Femtocell Operator News and Opinons

AT&T case studies of outdoor small cells in the suburbs

David Orloff ATTYou may think that Urban Small Cells are only for those ultra-busy downtown city districts, and that green, leafy suburbs would continue to be served by traditional macrocell towers with a few residential/in-building femtocells thrown in.

If so, you need to rethink that perception.

David Orloff, AT&T's Director for Small Cells Platforms, speaking at Small Cell World Summit, explained three use cases where AT&T has deployed groups of small cells in the suburbs. We followed up directly with him with some questions to clarify some of the issues they faced and problems solved.


AT&T is in the vanguard of small cell adoption, visibly chairing the Small Cell Forum, publicly promoting their use at events and even in TV advertisements, but most demonstrably through aggressive deployment. Over 50% of its network densification program will use small cells by 2015.

When will Urban Small Cells become a reality on our street lampposts?

ATT-Small-Cell-LamppostWe see that's happening already. There are many outdoor locations that are difficult to get site permission for larger sites, or which don't justify the full cost of a macro. In many cases – including school areas, suburban, residential – we are actively installing urban small cells now.

In the picture on the right, you can see a typical street deployment on a light pole/lamp post. The bottom-most white box is the DC power cabinet including backhaul and surge protection. The box below the street light is the small cell itself. The white box in the middle is not related to the small cell installation.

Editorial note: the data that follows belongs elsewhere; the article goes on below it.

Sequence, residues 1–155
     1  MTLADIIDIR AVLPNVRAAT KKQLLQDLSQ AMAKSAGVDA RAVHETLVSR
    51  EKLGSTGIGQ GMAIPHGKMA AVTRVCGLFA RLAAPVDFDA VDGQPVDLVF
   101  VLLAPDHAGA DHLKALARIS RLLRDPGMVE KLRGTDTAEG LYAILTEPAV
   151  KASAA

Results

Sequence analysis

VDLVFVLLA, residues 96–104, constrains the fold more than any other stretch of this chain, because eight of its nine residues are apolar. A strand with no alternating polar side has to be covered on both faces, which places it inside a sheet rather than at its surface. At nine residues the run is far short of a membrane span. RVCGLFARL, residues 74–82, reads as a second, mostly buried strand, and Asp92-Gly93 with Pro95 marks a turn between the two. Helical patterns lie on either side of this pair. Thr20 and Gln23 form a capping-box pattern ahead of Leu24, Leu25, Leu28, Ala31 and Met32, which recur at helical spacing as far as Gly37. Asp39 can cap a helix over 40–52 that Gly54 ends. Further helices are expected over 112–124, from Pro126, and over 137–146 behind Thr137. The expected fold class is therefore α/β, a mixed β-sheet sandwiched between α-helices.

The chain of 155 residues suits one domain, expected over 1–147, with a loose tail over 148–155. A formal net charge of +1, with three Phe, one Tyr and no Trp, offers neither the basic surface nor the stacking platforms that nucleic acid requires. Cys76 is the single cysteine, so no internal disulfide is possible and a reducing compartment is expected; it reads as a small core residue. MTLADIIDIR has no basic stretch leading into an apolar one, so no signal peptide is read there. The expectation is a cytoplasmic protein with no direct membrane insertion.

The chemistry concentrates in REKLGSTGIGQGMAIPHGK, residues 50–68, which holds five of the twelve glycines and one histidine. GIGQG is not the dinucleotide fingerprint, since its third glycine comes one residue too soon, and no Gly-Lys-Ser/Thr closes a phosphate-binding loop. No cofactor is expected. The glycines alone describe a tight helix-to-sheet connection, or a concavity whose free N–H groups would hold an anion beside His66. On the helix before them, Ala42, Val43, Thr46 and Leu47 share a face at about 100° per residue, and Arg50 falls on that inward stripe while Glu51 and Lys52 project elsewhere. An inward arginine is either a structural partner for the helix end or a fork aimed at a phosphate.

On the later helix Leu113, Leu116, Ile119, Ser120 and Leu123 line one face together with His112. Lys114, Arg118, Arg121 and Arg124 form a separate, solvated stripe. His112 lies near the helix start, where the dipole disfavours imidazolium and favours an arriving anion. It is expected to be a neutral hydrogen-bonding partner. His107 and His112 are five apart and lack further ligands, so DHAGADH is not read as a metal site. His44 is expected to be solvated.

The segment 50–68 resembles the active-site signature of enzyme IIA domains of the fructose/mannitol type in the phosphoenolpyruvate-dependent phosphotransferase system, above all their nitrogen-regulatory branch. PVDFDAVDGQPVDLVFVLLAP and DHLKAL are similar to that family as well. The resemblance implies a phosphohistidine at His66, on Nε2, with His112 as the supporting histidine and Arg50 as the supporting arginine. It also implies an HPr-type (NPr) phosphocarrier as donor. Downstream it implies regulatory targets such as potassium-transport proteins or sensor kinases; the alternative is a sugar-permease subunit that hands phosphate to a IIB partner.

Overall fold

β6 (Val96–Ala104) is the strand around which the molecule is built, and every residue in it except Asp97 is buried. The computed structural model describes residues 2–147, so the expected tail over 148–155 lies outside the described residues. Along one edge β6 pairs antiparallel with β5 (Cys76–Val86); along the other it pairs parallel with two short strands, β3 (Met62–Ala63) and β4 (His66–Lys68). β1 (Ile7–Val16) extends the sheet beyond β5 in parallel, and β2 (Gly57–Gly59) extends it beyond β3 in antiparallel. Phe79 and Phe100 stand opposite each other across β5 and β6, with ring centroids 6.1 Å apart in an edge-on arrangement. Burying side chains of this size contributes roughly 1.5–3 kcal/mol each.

How do you determine where to deploy small cells?

Our customers would like to have good service everywhere, so we engineer small cells for customer experience. We focus on a set of KPIs which will be familiar to many network engineers: coverage, capacity, voice retainability, packet accessibility, throughput and mobility. I look at these figures every day.

We've developed analysis tools that take several inputs from RF design, social data, transport data and performance data to pinpoint where and when to deploy small cells efficiently. This allows us to prioritise and plan our rollout both strategically and tactically.

Can you describe some typical suburban small cell deployments?

There's no single use case. Here are three different examples and some of the issues we found:

1) A residential neighbourhood at the edge of macrocell coverage


We installed 15 3G metrocells in a residential neighbourhood, located at the edge of multiple macrocells. This configuration dramatically improved coverage throughout the neighbourhood.

There were a limited number of entrance and egress points to which we paid particular attention. We also closely monitored how these edge-point small cells interact with the macrocells, and made some optimisations to deal with the overlap to avoid dropped calls.

2) A mixed suburban environment with a raised suburban road running through the middle, with dense foliage throughout


We deployed 22 small cells in this cluster to great effect. At first, we found that the signal level dropped off fairly quickly between the macro and small cell clusters. The relatively high speed of the traffic on the highway created a challenge when interacting with the small cell layer.